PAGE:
Let's get this disclaimer out of the way first: Americans don't eat nearly as much fruit as they should to maintain a healthy diet, so nutrition experts advise eating fruit, whole fruit, as often as possible, at least two cups of it a day, striving for variety so that you get an array of important nutrients.

And now to the question at hand: When faced with the triumvirate of fresh fruit most commonly found in bowls at cafeterias and elsewhere-apples, oranges and bananas-which should you choose? Which fruit is nutritionally superior when you must choose just one?

It turns out comparing apples and oranges isn't totally bananas. And the orange, by at least one measure, has an edge. "If you consider the concentration of a wide array of nutrients relative to calories, the orange is the most nutritious, followed by the apple, followed by bananas," said Dr. David Katz, director of the Yale University Prevention Research Center and the author of "Disease Proof: The Remarkable Truth About What Makes Us Well."

Oranges win based on the NuVal Nutritional Scoring System, a measure developed by Katz and colleagues that considers more than 30 nutrients and nutrition factors, giving points for the good (protein, calcium, vitamins) and subtracting points for the bad (sugar, sodium, cholesterol). The quality of the macronutrients, such as glycemic load, is also a factor.

NuVal rates foods from 1 to 100, with 100 being the most nutritious. Oranges have a perfect score of 100, earning more credit than apples (96) and bananas (91) due to high concentrations of vitamin C, fiber, calcium, folate, bioflavonoids and carotenoids. But any one of these fruits is highly nutritiously desirable. To compare, skinless chicken breast has a NuVal score of 39 and Cheerios come in at 4.  

Of course, some people dislike peeling oranges, and apples and bananas can be superior in particular circumstances, such as when you're really hungry or have high blood pressure, said Andrea Giancoli, a Los Angeles-based registered dietitian and spokeswoman for the Academy of Nutrition and Dietetics. Katz and Giancoli described some of the virtues of the Big Three fruits to help guide your pick. Basic nutrition facts are from the USDA.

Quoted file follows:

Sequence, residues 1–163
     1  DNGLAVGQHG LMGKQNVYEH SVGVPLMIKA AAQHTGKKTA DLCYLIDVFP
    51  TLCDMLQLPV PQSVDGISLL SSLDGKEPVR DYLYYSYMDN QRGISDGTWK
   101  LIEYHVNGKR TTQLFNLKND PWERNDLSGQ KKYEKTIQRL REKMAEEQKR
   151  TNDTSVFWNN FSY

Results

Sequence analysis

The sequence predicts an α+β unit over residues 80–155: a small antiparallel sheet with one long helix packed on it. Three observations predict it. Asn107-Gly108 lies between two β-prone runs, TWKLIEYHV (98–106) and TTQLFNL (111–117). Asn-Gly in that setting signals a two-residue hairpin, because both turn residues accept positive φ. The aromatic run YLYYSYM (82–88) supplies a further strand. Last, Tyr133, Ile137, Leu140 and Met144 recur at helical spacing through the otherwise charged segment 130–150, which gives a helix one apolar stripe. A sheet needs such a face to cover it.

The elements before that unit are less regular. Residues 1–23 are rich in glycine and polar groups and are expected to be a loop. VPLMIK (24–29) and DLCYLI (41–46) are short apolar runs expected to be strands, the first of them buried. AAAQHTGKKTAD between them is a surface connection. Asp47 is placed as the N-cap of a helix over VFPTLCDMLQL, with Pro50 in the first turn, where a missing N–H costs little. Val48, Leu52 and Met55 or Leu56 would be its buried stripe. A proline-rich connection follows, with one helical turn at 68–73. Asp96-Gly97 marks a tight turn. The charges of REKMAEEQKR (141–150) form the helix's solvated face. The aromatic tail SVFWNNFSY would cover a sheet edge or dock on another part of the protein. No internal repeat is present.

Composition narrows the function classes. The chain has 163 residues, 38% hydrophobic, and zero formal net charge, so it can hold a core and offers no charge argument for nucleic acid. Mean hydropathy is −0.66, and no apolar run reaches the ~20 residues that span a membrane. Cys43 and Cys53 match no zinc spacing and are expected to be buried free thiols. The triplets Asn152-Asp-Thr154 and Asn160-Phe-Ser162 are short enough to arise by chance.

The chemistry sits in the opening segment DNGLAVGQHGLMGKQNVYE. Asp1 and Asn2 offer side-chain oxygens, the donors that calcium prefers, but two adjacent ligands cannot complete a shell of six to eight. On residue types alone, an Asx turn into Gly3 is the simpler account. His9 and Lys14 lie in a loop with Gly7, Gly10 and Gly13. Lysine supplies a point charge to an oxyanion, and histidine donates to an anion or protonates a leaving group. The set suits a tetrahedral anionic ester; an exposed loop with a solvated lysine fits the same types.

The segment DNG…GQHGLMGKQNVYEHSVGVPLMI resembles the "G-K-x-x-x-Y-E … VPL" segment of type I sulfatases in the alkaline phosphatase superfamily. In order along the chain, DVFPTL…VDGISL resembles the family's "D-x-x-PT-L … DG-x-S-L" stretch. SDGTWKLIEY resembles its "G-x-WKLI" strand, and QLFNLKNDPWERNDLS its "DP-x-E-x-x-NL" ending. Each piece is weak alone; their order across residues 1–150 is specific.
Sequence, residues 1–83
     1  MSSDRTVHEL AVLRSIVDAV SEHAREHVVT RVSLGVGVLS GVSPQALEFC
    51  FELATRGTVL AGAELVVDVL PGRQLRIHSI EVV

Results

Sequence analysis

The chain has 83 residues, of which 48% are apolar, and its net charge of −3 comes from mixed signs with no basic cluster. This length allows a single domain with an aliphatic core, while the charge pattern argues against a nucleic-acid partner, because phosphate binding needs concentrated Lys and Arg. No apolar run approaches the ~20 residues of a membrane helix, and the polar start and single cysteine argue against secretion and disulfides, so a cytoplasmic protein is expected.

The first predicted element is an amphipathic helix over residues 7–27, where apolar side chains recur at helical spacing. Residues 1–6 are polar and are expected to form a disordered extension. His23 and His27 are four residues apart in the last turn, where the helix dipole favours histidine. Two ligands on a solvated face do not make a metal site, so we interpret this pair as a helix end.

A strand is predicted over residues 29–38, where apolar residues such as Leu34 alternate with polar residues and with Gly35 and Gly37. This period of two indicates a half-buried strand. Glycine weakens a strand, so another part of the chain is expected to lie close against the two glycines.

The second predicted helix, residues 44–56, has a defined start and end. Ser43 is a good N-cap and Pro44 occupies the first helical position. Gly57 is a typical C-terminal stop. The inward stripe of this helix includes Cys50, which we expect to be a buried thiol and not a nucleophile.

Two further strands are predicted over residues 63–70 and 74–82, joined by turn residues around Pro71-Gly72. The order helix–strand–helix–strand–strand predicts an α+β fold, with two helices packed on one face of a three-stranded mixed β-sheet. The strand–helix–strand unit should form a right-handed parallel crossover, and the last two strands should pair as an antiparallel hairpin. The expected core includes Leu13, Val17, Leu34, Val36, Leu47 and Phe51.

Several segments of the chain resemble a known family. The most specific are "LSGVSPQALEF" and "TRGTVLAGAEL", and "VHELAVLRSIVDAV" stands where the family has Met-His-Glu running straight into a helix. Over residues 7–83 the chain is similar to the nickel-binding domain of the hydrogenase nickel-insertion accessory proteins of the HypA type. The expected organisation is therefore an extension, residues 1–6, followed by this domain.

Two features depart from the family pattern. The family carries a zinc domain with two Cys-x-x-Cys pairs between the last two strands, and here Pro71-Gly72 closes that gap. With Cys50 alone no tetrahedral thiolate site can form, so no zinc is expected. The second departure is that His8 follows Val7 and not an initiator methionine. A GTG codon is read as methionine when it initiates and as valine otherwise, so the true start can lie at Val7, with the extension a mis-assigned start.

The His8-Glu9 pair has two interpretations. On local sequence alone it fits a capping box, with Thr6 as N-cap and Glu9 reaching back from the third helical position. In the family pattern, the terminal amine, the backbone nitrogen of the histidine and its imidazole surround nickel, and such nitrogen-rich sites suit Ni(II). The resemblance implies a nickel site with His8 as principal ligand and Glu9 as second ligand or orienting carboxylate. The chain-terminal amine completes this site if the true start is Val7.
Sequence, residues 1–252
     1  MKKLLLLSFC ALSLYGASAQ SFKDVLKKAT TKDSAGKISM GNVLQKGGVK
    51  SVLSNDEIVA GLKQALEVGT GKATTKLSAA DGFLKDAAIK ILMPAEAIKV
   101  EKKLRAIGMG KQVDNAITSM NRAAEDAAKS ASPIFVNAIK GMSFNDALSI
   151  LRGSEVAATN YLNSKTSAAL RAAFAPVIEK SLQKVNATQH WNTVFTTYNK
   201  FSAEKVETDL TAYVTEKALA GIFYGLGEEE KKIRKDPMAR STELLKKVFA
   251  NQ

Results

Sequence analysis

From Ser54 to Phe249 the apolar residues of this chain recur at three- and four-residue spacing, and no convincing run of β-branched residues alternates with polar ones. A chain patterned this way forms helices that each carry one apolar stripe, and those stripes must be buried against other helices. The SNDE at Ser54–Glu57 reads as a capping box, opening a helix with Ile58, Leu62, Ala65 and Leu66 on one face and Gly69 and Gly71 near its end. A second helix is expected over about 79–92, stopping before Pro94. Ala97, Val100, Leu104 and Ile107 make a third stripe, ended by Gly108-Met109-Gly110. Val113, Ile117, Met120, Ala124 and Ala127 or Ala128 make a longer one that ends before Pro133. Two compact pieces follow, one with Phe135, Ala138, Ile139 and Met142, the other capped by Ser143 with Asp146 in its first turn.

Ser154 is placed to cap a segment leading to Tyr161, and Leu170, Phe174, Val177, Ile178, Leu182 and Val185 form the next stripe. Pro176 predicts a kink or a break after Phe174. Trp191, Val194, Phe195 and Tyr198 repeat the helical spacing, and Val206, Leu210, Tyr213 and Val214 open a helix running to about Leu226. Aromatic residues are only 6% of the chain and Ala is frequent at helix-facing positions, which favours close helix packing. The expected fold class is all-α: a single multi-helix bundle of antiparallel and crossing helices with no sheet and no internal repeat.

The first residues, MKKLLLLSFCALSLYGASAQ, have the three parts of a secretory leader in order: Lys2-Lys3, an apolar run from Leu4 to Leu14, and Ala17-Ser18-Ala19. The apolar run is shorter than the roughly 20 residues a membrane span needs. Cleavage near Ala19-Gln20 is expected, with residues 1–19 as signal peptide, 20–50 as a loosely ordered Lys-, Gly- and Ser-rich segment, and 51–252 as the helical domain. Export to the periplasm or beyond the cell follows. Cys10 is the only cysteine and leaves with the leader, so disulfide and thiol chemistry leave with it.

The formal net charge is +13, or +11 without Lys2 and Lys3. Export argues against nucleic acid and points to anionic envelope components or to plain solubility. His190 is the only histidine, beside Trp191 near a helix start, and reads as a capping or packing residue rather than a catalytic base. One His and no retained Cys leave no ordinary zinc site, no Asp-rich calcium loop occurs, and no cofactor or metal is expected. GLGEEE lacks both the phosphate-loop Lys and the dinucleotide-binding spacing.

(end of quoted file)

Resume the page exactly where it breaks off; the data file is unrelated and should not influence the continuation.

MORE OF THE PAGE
ORANGE

Calories: 60
Fat: 0
Carbohydrates: 15 grams
Dietary fiber: 3 g
Sugar: 12 g
Sodium: 0 mg
Protein: 1 g

One orange contains 120 percent of the recommended daily intake of Vitamin C. A good source of calcium, folates, thiamin, flavanones (antioxidants that help neutralize free radicals) and naringin (an anti-inflammatory that may help protect the immune system), Giancoli said. Biggest nutritional bang for the caloric buck, Katz said. Because they are lowest in calories, it isn't the best choice when you are really hungry, Katz said.

APPLES

Calories: 100
Fat: o
Carbohydrates: 25 grams
Dietary fiber: 4 g
Sugar: 19 g
Sodium: 0 mg
Protein: 0 g

A good source of soluble fiber, which is helpful in controlling blood pressure, lipids, cholesterol and blood sugar, Katz said. Because it involves a lot of chewing, it can make you feel more satisfied, Katz said. Good for an upset stomach, Giancoli said. Loaded with phytochemicals, including antioxidants flavonoids like quercetin, which is good for heart health and could have anti-cancer properties, and proanathocyanidins, which may protect urinary tract and heart health, Giancoli said.

BANANA

Calories: 105
Fat: 0.4 g
Carbohydrates: 27 g
Dietary fiber: 3 g
Sugar: 14 g
Sodium: 1 mg
Protein: 1 g

Contains 422 mg of potassium, which people often don't get enough of. Potassium helps blunt the effect of salt on blood pressure and may help reduce the risk of kidney stones and muscle loss, Giancoli said. Good source of vitamin B6, magnesium, iron, vitamin C and dietary fiber, Giancoli said.

By ALEXIA ELEJALDE-RU
Chicago Tribune

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